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The Nasrid dynasty ("Arabic: بنو نصرbanū Naṣr or banū al-Aḥmar) was the last "Arab "Muslim dynasty in "Iberia, ruling the "Emirate of Granada from 1230 until 1492.[1] The Nasrid dynasty rose to power after the defeat of the "Almohad Caliphate in 1212 at the "Battle of Las Navas de Tolosa. Twenty-three "emirs ruled Granada from the founding of the dynasty in 1230 by "Muhammad I until January 2, 1492, when "Muhammad XII surrendered to the Christian Spanish kingdoms of "Aragon and "Castile. Today, the most visible evidence of the Nasrids is the "Alhambra palace complex built under their rule

Coat of Arms of the Emirate of Granada on a wall in the "Alhambra, Nasrid dynasty (1013-1492)
Contemporary coat of arms (upper right) of the Nasrid dynasty of Grenada with garbled Arabic inscription ("Wernigerode Armorial).



The Nasrid dynasty was descended from the "Arab "Banu Khazraj tribe,[2] and claimed direct male-line descent from "Sa'd ibn Ubadah, the chief of the tribe and one of the "companions of the Islamic prophet "Muhammad. The nasab of Yusuf (nicknamed "al-Ahmar", meaning "the Red").[3]

Conflicts of succession and civil war[edit]

During the time the Christians were launching a campaign against the Emirate of Granada that would effectively end the Nasrid dynasty, the Nasrids were engaged in a civil war over the throne of Granada. When "Abu l-Hasan Ali the reigning emir was ousted by his son "Muhammad XII. Abu l-Hasan Ali retreated to "Málaga and civil war broke out between the competing factions. Christians took full advantage of this and continued capturing Muslim strongholds. Muhammed XII was caught by Christian forces in 1483 at "Lucena. He was freed after he swore an oath of allegiance to "Ferdinand and "Isabella. Abu l-Hasan Ali finally abdicated in favor of his brother "Al-Zaghal (the valiant) and a power struggle with Abu 'Abd Allah (Muhammad XII) continued. Al-Zaghal prevailed in the inner struggle but was forced to surrender to the Christians. Abu 'Abd Allah (Muhammad XII) was given a lordship in the "Alpujarras mountains but instead took financial compensation from the Spanish crown to leave the Iberian Peninsula.[4]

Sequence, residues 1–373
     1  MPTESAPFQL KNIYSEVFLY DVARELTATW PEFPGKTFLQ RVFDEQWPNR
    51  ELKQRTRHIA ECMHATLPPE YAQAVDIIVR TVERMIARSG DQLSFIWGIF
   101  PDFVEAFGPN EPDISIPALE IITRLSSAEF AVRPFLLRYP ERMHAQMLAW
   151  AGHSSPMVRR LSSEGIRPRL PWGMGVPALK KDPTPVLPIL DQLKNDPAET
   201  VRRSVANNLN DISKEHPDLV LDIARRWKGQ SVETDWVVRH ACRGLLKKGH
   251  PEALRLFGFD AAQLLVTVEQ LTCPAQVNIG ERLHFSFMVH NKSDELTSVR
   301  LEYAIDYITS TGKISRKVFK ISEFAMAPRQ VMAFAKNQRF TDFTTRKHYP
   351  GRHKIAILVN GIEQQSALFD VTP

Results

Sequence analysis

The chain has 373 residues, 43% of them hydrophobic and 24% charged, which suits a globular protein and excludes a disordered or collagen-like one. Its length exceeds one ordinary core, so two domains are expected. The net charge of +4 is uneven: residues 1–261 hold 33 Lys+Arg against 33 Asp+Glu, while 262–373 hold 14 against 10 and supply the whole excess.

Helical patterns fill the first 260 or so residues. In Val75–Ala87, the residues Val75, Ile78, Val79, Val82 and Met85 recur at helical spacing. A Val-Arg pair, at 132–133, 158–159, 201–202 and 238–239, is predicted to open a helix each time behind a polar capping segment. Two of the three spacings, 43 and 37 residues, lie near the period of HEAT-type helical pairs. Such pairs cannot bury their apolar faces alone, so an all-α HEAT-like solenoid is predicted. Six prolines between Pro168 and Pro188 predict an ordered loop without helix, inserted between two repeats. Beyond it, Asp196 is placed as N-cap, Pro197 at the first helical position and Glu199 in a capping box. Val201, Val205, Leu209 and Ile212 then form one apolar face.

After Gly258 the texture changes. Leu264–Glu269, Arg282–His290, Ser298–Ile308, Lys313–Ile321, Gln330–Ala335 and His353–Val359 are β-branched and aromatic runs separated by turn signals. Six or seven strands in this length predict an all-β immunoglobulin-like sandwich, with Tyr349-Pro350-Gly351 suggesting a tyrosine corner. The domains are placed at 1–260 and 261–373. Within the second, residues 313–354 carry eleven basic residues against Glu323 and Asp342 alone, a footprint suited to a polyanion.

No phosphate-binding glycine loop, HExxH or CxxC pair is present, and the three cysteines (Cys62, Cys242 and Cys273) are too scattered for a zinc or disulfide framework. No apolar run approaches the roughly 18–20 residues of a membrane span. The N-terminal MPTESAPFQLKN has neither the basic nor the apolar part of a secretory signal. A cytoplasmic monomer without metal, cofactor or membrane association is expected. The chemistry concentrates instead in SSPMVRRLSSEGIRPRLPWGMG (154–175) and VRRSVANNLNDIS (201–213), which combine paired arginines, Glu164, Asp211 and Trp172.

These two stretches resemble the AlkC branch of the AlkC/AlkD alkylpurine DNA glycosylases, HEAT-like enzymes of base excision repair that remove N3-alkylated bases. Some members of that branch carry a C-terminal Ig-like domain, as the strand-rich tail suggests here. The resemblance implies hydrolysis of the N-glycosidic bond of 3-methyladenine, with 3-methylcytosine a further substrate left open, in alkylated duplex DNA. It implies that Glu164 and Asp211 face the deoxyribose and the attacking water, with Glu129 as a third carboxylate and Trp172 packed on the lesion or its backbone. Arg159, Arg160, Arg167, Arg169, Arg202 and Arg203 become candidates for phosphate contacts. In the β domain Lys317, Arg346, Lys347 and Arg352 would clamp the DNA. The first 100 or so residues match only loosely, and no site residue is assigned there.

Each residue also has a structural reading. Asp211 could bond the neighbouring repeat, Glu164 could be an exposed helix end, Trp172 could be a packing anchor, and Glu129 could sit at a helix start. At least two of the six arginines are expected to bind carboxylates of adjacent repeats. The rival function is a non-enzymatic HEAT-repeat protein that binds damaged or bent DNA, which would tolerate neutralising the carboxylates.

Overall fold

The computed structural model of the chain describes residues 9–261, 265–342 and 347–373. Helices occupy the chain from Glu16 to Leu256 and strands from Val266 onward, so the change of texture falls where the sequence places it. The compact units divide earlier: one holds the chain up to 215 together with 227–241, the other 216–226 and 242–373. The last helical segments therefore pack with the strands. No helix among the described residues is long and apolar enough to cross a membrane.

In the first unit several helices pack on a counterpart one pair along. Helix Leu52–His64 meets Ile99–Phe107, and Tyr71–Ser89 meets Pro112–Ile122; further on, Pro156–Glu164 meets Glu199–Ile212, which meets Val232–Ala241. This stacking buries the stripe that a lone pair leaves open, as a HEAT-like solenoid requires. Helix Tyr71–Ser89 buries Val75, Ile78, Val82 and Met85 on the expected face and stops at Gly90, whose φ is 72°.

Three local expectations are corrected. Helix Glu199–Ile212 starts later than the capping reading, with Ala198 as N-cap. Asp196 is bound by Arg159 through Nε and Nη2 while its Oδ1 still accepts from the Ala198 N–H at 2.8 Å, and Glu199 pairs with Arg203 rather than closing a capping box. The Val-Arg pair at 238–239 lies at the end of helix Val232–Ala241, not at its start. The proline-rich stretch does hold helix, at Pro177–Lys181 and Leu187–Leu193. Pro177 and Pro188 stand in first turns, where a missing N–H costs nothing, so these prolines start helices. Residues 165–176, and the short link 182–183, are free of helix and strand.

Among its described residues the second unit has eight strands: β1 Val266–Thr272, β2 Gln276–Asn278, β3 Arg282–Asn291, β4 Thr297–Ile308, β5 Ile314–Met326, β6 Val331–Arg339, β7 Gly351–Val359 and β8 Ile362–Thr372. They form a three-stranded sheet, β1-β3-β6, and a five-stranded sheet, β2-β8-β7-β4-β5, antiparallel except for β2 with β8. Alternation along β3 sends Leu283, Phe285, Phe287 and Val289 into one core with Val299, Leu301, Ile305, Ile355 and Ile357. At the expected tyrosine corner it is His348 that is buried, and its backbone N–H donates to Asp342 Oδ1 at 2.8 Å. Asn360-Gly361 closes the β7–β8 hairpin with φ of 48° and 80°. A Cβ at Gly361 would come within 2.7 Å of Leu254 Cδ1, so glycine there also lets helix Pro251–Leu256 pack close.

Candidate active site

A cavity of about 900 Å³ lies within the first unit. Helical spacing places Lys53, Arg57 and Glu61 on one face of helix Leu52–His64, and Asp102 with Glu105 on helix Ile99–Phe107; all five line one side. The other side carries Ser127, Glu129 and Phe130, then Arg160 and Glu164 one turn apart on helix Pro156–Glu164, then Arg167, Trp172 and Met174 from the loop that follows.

The Nasrid dynasty was the longest ruling Muslim dynasty in the Iberian Peninsula. Reigning for more than 250 years from the establishment of the Emirate of Granada in 1230, to its annexation by the '"Catholic Monarchs' in 1492. The Nasrids constructed the "Alhambra palace in "Granada.

Family tree[edit]

The family tree below shows the genealogical relationship between each sultan of the Nasrid dynasty.[5] It starts with their common ancestor, Yusuf al-Ahmar. Daughters are omitted, as are sons whose descendants never reigned. During times of rival claims to the throne, the family tree generally recognizes the sultan who controlled the city of Granada itself and the Alhambra palace.


List of Nasrid sultans of Granada[edit]

""Carte historique des Royaumes d'Espagne et Portugal.jpg
Monarchs of
the Iberian
"al-Andalus ("taifas)
"Family tree
"Family tree
"Family tree
"Family tree
"Family tree
"Family tree
"Medieval · "Modern
"Family tree
"Family tree

First dynasty (al-dawla al-ghalibiyya):[6]

Second dynasty (al-dawla al-isma'iliyya al-nasriyya):[6]

See also[edit]


  1. ^ Miranda 1970, p. 429.
  2. ^ Hitti, Philip K. (2002). History of The Arabs. Palgrave Macmillan. p. 549. "ISBN "9781137039828. 
  3. ^ Fierro, Maribel. Ways of Connecting With the Past: Genealogies in Nasrid Granada. pp. 71–88. "doi:10.3366/edinburgh/9780748644971.003.0006. 
  4. ^ Barton, Simon (2009). A History of Spain. London: Palgrave Macmillan. p. 104. "ISBN "978-0-230-20012-8. 
  5. ^ "Lane-Poole, Stanley (1894). The Mohammedan Dynasties: Chronological and Genealogical Tables with Historical Introductions. Westminster: Archibald Constable and Company. p. 29. "OCLC 1199708. 
  6. ^ a b Fernández-Puertas 1997, p. 4.


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